Ghoul, InterruptedTiffany Midge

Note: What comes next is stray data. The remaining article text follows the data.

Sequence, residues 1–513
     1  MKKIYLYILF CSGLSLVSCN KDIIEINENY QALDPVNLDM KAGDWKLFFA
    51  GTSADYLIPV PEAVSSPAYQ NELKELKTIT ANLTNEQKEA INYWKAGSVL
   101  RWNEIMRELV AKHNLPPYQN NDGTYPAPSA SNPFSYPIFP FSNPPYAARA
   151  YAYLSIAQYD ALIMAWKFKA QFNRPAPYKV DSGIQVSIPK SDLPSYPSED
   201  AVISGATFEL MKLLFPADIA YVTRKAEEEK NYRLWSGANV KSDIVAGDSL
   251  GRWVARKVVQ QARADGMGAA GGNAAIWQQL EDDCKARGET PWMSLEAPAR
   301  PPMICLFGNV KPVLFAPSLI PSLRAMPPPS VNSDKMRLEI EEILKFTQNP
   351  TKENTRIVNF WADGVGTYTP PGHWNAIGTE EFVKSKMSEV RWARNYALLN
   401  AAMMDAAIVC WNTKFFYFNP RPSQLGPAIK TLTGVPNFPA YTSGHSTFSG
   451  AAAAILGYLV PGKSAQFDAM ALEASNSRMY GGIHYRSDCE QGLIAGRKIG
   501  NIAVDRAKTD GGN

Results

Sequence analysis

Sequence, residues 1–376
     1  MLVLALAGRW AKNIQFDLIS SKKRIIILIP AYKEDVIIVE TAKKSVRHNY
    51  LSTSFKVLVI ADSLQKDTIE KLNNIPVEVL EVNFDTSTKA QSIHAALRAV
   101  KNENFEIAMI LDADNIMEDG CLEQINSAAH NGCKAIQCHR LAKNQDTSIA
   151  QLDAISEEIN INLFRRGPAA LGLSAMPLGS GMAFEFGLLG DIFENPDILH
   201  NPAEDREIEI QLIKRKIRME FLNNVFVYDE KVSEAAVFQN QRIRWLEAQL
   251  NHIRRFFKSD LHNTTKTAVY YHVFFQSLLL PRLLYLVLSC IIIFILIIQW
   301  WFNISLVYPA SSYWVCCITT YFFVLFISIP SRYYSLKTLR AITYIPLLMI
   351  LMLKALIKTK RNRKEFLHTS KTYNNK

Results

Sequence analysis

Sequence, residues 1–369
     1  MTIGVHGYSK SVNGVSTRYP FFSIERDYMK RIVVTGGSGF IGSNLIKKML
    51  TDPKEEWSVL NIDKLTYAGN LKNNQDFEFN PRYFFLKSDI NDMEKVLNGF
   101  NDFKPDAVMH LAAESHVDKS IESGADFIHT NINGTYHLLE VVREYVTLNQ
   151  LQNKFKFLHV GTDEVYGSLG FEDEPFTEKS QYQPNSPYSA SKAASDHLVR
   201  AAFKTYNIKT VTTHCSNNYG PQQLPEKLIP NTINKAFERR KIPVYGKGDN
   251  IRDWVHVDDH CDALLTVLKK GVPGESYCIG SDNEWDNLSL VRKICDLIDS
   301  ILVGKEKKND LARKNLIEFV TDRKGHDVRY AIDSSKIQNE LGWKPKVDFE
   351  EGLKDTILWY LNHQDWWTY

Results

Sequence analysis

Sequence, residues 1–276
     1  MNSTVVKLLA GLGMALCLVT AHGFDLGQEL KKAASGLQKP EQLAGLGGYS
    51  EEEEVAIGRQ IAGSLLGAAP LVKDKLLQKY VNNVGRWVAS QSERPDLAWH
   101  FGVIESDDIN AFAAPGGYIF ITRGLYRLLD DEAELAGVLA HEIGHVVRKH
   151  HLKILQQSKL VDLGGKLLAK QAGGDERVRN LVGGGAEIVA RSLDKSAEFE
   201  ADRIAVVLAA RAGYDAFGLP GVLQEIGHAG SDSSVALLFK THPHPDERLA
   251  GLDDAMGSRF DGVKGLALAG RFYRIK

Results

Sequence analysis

It’s not demons we fear (spider-walking-down-stairways- our-heads-spinning-like-tops-announcing-death-to-all- then-peeing-on-the-floor-like-Courtney-Love) but has more to do with the collective unconscious’ fear of burgeoning womanhood, women on the verge, girls with urges, hormonal surges and sex splurges— the horror of the whore, the female body in revolt, boy-toy exploits. I was nine when my parents took in fifteen year old foster “child” Jerry. This was around the same time The Exorcist was first released. My parents had gone to see it only my mother spent most of the time in the lobby waiting for the movie to be over and for weeks after slept with the light on. Foster “child” Jerry boasted of having seen it too and often retold scenes that were particularly revolting and horrifying. He wanted to terrorize my mother by rigging their dresser to slam the bedroom door shut after she entered. He wanted me to lie in bed and spit pea soup and speak in a nonsensical Latin sounding language. He went so far as to paint “The Exorcist” in red paint across the side of the backyard playhouse. I have read post-feminist critiques on movies like The Exorcist, Carrie and The Exorcism of Emily Rose and they all seem to view the “demon” as a symbol for female sexuality. “Demons are a girl’s best friend,” one article surmised. The critiques point to the terror men throughout the centuries have felt when confronted by female power. The articles point to the Salem witch trials; honor killing; foot binding and corsets. Not to mention infanticide, veiling, and cheerleaders. The point I’m trying to make is that I’m haunted by unbidden images in my mind’s eye of grotesque and possessed Regan MacNeil floating in her pea soup stained nightgown while the priests shout the power of Christ compels you! It has only occurred to me recently that part of the reason for my neurotic imaginings might have something to do with our foster “child’s” habitual haunting of my own prepubescent burgeoning. I wasn’t in danger of being possessed by demons but having my virginity possessed by the fifteen year old sex maniac my parents deemed appropriate to live in our house, hours of which went unsupervised. Not a day would go by that Jerry didn’t pin me down and torment me, when my developing breasts wasn’t the topic of discussion and roughhousing. And I never told my parents about it. I don’t know why. Maybe because it wasn’t a topic on an Afterschool Special; maybe because it wasn’t covered on The Brady Bunch. Families weren’t having those discussions in the seventies. My parents could sit in a theater for two hours viewing a film about a child raping herself with a crucifix but broaching the topic of sex was off the table for family hour? I was nine. I’m not outraged, although if it were my kid I would be. Jerry stayed on at our house for the remainder of the school year and then would disappear for long periods of time until my father returned him to whatever puppy farm he rescued him from. And I remained intact at least until 1981, the eve of the Mt. Saint Helen’s eruption which is the subject for another literary exploration of my girlhood mythologies deconstructed. What I want to know is, will I ever make friends with the demon who possessed Regan MacNeil? And if that is possible, how? My parents in their neglect and ignorance inadvertently threw my childhood innocence under the bus. And it haunts me still— in the form of a sinister goblin wearing a nightgown. That’s a symbol of my lost innocence! Hello Lost Innocence! What do I do, invite Regan for a tea party with my Pomeranian and Hello Kitty dolls? The last two nights while trying to write on this subject I’ve slept with the light on. When I take the dog out at 2 am I freak myself out imaging Emily Rose drifting among the mist and the trees in her frock of lost innocence, namely her nightgown. The advice “write the story you most don’t want to tell, or the story that scares you the most” has become this particular story. True, there are worse narratives and I’m probably lucky. No. I know I am. Is it ever too late to have a happy childhood? Shall I bid farewell to my lost girlhood by buying stock in the Disney Princesses empire? Or push for the merchandising for the anti-princess? Take a ride in the anti-princess theme park? Embrace the ugly stepsister? Have Starbucks with the Wicked Witch of the West? Kick it with the Evil Queen, try looking in her mirror? The Disney Princess empire is a four billion dollar industry. What’s Ariel got that an ugly stepsister does not? Give me Pippi Longstocking bubble bath; give me the Peppermint Patty bedding set in brown. Give me the Regan lunchbox replete with demon head twist-off cap thermos. Merchandise Carrie White for tampons and maxi-pads, training bras for those “dirty pillows.” Give me the underbelly of disenchantment, the un-glittered, un-pink, un-speckled. Make me over like Courtney Love, like Medusa, like Linda Blair.
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